If we were to ask any set of parents how much they focus on their child when he or she is sick or in some kind of serious danger or threatening distress, they would tell you they can hardly focus on anything else. This was certainly the case with Jairus. Jesus is his last hope. Who else could free this little girl from the throes of death? To whom else could he go in desperation? Even his pride, his position, his status could be forgotten, even abandoned if there was the realistic prospect of resisting the advance of separation in life with his beloved daughter. Whom do you know that is possibly down on his or her very last hope? Perhaps, like the rest of us, you know several, possibly even including yourself. Think of these people and keep them in your peripheral vision of prayer today as well as tomorrow. Included is the lesson urgently needed by so many when they seem to be busy and readily dismiss a legitimate need because of their own preoccupation. Here the Lord shows his patience and while going to respond to the request of Jairus is confronted by another equally legitimate and serious urgency. While going to work one miracle, He easily works another on the woman suffering with hemorrhage. Suddenly He assures her, "Daughter it is your faith that has cured you. Now go in peace" Luke 8: 48.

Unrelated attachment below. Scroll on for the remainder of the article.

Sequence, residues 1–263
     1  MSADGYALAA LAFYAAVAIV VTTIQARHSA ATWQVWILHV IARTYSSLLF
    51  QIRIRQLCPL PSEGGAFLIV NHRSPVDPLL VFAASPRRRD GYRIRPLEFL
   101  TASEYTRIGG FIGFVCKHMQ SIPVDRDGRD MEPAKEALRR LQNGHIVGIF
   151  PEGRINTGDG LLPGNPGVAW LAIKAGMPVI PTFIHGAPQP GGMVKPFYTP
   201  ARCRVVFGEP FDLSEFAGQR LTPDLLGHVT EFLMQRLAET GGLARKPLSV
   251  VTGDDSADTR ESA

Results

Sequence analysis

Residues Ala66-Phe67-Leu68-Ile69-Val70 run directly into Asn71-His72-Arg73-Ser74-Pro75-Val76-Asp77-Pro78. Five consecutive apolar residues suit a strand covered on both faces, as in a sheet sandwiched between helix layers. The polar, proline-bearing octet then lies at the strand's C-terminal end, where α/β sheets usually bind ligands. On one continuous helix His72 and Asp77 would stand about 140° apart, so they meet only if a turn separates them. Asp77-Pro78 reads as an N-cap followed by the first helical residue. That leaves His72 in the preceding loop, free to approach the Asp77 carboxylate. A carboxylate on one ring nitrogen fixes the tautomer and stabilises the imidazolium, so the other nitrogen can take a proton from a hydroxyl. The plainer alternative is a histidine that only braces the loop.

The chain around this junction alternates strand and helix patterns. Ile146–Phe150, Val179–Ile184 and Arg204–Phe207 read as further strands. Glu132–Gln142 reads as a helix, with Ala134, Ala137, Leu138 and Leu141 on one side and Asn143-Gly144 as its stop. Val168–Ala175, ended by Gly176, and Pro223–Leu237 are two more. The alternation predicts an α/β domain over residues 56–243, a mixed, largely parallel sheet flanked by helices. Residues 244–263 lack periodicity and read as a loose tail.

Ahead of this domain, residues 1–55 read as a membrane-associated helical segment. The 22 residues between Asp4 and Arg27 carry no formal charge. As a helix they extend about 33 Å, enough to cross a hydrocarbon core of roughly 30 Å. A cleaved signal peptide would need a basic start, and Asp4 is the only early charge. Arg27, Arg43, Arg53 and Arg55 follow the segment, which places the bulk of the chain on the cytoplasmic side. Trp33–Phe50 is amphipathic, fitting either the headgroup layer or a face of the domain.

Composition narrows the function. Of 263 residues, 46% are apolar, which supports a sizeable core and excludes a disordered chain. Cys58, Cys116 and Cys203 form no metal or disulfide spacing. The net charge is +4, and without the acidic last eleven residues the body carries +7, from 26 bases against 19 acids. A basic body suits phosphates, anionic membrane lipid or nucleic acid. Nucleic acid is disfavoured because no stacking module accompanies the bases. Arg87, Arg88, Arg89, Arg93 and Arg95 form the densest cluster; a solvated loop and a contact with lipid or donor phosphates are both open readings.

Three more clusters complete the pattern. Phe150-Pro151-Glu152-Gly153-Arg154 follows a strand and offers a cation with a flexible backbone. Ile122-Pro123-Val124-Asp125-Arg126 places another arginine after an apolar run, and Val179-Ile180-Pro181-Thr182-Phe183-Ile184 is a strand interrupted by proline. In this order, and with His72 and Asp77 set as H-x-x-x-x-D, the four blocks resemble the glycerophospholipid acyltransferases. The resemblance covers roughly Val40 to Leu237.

There is a difference between those who suffer bitterly and those who suffer well and we see it demonstrated today. She quietly, almost in desperation approaches the Lord. We heard read that the crowd pressed so closely to Jesus they were almost crushing him. Yet a woman behind him touches only the edge of his cloak and he discerns the difference. Grace passes from him to her. Divine energy finds its way into the damaged body of the petitioning woman. She never touched his body. Amazing! Notice, too, that when inquiringly asking, "Who touched me?" all denied it. Odd, isn't it? The people were so close they almost crushed him, but no one would admit it. Didn't they realize He wanted few things more than for them to reach out to him?